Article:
I have thought back many times to classes I took in college and thought, I wish I could take that class again knowing what I know now. I would have been paying attention to learn, not just to pass the test. My whole orientation in college was I’m going to get the degree to get the job, so all I have to do is pass the test. It wasn’t about learning.
John: We use that theme of drifting. We talk about passivity being one of the currents that can take you places you never intended on going. Bad choices of friends is a part of that.
We tell the high school students that they are going to want some close friends in college. We tell them that they ought to have what we call character-shaping relationships that they can continue the rest of their lives.
We give some real clear principles like: “To have friends, you need to be a friend;” “Look to give, not to get;” and, “Put yourself in strategic friendship environments.” We encourage the students to take some initiative and go places where they can become friends with the type of people they want to hang out with.
What do you say about dating?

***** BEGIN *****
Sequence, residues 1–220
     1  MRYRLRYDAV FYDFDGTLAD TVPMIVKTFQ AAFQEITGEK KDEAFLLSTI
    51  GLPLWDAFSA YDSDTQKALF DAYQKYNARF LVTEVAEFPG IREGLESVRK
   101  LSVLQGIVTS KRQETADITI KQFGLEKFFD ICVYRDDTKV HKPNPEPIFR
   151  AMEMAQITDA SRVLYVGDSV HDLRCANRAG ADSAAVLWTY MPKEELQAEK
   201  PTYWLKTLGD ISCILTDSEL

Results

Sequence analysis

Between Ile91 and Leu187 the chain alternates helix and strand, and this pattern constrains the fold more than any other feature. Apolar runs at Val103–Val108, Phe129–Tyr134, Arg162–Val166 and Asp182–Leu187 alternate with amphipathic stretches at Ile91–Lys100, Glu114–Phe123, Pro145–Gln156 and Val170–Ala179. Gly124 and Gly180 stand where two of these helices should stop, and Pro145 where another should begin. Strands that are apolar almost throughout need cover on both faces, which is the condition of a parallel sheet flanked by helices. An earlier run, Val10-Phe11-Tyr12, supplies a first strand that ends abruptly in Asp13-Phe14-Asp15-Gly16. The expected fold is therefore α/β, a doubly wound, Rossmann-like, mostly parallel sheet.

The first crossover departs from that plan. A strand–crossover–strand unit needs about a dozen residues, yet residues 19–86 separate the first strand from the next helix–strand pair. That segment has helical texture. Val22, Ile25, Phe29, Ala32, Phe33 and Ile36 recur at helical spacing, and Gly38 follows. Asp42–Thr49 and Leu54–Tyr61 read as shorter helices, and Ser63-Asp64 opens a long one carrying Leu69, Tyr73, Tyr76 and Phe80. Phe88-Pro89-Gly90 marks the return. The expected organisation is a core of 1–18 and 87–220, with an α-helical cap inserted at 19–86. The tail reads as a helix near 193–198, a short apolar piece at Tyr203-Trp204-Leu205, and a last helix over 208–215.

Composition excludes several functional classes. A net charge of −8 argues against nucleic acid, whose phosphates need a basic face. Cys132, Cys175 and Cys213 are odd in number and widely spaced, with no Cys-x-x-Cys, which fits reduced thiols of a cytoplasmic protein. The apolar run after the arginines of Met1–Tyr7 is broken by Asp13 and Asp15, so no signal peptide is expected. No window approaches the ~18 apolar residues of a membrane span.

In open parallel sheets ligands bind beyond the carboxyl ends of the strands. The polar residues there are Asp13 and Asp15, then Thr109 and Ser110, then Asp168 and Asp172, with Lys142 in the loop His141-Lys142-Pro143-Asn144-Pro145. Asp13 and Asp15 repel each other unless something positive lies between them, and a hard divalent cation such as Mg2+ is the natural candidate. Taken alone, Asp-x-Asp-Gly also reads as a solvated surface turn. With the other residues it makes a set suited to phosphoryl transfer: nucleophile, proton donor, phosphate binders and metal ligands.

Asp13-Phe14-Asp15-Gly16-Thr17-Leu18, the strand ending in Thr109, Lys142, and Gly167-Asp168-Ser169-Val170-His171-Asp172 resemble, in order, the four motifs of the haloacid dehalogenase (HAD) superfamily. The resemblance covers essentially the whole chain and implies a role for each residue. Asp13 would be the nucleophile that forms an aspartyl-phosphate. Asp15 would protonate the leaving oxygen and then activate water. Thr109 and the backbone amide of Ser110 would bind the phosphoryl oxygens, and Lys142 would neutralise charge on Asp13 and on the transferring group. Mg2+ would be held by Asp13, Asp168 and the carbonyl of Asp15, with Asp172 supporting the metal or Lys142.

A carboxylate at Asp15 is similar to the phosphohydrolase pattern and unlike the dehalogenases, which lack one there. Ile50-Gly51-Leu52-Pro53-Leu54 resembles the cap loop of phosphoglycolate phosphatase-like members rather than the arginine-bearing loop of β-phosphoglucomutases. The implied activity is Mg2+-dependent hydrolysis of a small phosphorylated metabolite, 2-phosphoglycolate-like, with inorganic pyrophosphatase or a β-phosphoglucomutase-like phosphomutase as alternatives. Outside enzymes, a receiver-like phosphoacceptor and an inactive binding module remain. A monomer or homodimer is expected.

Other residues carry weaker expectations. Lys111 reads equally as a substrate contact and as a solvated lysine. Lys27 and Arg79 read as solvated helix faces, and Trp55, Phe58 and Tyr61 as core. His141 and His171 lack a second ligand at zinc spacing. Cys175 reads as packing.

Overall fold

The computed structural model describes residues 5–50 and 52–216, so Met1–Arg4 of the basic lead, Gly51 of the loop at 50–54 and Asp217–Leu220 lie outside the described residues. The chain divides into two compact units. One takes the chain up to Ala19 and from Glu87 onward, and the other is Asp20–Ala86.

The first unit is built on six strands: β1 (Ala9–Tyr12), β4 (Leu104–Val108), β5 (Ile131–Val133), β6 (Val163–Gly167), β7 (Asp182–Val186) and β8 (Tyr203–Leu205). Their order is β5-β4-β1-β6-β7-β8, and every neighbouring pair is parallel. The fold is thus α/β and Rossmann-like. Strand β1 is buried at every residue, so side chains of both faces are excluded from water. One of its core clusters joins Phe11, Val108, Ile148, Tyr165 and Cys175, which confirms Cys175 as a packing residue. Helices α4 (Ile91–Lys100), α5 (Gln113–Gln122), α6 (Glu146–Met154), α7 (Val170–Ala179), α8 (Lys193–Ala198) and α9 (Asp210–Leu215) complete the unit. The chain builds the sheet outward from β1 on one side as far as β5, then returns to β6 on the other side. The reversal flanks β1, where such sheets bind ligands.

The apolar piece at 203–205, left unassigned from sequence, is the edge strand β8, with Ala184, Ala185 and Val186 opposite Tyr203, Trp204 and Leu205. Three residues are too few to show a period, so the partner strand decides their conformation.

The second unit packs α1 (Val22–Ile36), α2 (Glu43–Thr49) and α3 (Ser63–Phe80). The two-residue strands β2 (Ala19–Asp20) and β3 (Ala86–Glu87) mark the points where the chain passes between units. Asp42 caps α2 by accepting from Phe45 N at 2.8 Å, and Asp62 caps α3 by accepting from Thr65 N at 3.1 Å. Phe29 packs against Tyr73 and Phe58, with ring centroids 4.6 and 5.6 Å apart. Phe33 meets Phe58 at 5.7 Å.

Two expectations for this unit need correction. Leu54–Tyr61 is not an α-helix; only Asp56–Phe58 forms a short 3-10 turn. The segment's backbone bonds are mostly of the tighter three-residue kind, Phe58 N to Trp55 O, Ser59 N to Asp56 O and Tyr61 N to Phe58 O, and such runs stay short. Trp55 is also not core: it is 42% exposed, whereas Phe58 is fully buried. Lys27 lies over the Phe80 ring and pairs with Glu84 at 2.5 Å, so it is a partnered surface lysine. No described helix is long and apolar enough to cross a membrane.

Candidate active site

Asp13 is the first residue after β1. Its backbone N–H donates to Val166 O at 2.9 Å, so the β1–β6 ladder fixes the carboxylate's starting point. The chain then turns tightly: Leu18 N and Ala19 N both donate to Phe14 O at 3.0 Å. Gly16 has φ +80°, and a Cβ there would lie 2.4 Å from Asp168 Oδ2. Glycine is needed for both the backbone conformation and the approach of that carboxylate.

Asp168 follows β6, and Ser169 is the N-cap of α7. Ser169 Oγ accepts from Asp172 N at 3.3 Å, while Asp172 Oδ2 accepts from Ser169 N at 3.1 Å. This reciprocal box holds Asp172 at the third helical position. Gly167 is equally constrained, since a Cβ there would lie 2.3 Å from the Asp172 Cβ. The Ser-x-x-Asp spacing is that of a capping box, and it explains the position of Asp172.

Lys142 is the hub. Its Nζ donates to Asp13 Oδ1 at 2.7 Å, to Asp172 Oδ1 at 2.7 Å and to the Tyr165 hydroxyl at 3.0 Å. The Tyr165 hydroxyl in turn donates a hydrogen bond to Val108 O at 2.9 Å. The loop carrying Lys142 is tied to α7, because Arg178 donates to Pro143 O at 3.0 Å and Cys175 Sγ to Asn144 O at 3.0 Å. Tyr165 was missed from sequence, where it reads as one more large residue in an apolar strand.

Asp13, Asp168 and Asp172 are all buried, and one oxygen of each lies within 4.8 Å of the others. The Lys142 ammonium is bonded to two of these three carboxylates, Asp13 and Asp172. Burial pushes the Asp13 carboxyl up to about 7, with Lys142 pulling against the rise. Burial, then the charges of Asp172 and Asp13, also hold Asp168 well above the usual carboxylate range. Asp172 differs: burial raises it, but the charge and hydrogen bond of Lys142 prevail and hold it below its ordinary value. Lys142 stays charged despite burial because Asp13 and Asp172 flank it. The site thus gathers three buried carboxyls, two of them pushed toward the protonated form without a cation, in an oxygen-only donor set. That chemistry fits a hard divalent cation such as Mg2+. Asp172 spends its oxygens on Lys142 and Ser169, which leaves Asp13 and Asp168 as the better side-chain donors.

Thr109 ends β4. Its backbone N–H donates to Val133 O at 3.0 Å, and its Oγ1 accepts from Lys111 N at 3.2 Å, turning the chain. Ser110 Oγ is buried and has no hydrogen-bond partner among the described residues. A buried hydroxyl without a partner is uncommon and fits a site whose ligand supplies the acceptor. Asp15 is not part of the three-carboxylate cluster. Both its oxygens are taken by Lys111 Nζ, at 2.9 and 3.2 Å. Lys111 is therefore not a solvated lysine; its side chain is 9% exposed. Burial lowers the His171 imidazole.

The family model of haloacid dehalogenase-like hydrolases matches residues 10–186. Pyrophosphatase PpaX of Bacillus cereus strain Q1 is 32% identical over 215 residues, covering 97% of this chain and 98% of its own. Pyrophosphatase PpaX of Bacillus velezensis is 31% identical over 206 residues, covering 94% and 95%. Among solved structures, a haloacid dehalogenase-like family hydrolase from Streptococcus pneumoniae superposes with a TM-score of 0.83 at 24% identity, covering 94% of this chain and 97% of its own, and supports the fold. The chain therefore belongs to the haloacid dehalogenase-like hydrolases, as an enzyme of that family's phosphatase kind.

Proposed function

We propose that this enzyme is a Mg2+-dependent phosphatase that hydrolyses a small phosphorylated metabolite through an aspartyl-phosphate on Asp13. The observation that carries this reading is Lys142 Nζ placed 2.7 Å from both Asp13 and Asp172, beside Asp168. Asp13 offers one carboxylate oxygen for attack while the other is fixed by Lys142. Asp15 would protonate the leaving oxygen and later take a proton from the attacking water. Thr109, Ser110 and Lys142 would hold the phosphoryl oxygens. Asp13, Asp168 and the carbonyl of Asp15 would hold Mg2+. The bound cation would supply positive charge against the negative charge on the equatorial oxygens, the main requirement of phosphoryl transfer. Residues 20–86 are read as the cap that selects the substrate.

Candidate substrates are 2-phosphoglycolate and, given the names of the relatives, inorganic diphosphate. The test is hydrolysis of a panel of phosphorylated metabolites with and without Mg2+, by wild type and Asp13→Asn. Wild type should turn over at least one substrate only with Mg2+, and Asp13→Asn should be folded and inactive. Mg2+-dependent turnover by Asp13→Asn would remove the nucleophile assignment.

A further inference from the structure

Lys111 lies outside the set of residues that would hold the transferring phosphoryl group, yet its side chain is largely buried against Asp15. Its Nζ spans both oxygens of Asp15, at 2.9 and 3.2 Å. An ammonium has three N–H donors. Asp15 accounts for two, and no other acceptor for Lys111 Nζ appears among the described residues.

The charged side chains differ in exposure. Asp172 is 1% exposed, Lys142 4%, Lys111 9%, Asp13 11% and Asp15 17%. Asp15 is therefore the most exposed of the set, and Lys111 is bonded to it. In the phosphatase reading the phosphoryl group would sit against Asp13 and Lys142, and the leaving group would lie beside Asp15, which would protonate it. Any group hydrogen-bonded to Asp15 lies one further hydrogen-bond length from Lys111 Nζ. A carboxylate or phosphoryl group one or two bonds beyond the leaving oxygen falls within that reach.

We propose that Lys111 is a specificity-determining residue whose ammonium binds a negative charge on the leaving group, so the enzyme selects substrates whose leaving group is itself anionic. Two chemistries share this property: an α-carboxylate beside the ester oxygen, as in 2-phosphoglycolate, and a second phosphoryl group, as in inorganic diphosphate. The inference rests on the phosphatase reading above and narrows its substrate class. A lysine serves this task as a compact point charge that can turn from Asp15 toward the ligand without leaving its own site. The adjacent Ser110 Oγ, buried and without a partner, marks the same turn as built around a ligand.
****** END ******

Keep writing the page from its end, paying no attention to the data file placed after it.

Robert: One session has everything you would want your son or daughter to know about dating right. I can guarantee that. I’ve seen that series over and over again and every time I think, There are a lot of kids I’d like to send this particular session to.
John: We go to physical purity pretty quickly. But even bigger than that, we really challenge what I call the “traditional dating game.” This usually involves an external attraction factor and then a rush to exclusiveness and a crossing of boundaries God never intended us to cross this side of marriage. Then there are break-ups that feel like divorces because there was the crossing of physical boundaries, emotionally, spiritually, and all the rest.
Robert: I think the big picture John’s helping these high school students develop is electrifying. He helps them look at what guy/girl relationships ultimately lead to. And just connecting those dots is an “aha!” for a student. Because all of a sudden they see, “No, there’s a bigger game in town. This is not just about recreation. This is about my life!”